Appointment, discipline and removal of judges: A comparison of the Swiss and New Zealand judiciaries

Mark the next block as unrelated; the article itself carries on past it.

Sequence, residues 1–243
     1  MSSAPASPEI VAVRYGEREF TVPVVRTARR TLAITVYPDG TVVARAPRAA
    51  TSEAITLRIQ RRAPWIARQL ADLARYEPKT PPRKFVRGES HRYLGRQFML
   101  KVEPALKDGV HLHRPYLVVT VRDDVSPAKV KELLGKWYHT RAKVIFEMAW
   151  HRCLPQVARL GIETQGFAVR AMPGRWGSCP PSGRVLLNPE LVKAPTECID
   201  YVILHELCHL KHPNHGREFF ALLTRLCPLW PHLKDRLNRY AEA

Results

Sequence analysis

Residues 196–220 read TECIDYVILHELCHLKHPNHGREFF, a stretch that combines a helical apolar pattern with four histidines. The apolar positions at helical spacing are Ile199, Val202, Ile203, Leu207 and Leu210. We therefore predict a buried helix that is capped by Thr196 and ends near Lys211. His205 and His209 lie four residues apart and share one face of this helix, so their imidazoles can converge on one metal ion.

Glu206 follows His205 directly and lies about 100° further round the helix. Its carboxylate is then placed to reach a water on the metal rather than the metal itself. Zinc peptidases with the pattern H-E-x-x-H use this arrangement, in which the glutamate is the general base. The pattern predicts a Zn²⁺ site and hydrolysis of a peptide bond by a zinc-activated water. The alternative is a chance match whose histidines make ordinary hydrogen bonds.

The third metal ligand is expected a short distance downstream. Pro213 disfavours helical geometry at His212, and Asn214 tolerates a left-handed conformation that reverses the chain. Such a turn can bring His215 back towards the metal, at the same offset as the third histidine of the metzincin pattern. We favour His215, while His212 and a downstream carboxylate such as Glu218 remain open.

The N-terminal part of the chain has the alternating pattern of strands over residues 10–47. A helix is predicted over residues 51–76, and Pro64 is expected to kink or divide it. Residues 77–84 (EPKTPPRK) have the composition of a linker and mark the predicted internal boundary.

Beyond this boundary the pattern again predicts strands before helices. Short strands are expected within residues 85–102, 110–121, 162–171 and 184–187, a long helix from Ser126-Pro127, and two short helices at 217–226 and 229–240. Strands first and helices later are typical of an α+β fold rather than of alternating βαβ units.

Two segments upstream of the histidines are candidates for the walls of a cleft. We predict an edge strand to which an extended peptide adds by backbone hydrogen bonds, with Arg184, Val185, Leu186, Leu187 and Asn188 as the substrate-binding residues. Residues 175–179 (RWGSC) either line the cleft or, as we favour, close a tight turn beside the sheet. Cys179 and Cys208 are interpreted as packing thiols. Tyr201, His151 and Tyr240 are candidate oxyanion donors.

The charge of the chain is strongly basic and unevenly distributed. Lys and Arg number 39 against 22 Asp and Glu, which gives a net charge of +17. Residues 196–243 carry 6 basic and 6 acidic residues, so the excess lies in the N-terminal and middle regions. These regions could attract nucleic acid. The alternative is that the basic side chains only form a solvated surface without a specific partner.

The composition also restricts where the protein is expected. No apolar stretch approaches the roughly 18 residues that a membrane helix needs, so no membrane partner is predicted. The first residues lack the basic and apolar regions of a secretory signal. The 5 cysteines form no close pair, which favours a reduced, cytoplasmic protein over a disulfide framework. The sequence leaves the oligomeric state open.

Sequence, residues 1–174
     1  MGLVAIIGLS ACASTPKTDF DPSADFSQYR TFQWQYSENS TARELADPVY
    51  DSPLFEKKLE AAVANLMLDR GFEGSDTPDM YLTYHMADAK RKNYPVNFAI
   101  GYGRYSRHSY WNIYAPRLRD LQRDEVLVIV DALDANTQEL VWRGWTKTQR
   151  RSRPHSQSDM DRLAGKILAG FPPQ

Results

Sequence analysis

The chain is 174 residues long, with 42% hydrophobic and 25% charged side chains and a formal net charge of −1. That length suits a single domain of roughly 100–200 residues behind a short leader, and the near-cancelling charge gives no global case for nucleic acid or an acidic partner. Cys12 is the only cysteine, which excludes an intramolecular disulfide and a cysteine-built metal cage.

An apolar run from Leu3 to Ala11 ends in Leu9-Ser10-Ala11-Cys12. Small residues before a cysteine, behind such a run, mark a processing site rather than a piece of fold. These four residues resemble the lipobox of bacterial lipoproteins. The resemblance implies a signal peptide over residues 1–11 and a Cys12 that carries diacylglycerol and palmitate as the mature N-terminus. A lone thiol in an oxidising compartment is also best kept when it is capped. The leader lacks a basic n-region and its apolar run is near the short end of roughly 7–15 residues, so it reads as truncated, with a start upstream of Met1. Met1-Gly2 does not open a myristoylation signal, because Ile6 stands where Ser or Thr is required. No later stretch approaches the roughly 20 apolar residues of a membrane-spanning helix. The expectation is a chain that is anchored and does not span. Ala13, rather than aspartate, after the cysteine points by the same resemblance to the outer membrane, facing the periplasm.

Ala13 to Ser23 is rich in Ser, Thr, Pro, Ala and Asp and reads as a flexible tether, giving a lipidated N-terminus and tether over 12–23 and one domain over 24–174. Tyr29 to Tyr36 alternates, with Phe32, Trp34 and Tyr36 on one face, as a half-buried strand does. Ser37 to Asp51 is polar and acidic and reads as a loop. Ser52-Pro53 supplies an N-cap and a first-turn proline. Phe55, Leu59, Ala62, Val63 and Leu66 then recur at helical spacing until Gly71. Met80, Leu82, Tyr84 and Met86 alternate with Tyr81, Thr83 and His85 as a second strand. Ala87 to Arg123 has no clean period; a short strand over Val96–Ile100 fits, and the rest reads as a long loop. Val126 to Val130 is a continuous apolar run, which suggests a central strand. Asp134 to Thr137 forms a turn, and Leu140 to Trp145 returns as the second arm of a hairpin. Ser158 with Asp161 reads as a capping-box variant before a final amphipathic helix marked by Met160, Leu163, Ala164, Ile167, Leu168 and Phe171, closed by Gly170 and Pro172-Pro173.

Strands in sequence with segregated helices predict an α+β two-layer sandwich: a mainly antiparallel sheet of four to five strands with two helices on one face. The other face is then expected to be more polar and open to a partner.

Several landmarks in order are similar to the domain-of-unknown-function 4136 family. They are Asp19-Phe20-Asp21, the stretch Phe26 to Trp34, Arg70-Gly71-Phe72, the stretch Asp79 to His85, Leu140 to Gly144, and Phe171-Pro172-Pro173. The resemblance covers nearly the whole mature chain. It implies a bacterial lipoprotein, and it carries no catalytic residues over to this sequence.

This paper gives an overview of the legal system of Switzerland and then compares the judiciaries of Switzerland and New Zealand. As far as Switzerland is concerned, it covers both the system of the Swiss Federation and the systems in the Cantons. After analysing the powers enjoyed by the judiciary via the legislature, the paper examines the appointment of judges in detail. The author explains how in Switzerland openly political and other considerations are weighed in the course of electing judges and how the appointment of lay judges is balanced with an active role of law clerks. In contrast, New Zealand has a proud tradition of apolitical judicial appointments that are made solely based on merit. The author criticises that Swiss judges are elected for a term of office, whereas New Zealand judges enjoy the security of tenure and thus, a greater judicial independence. Lastly, the paper covers the removal and discipline of judges, where the author, while he commends the recent reform in New Zealand, speaks out for a system where the ultimate decision is given to an independent judicial body rather than a parliament.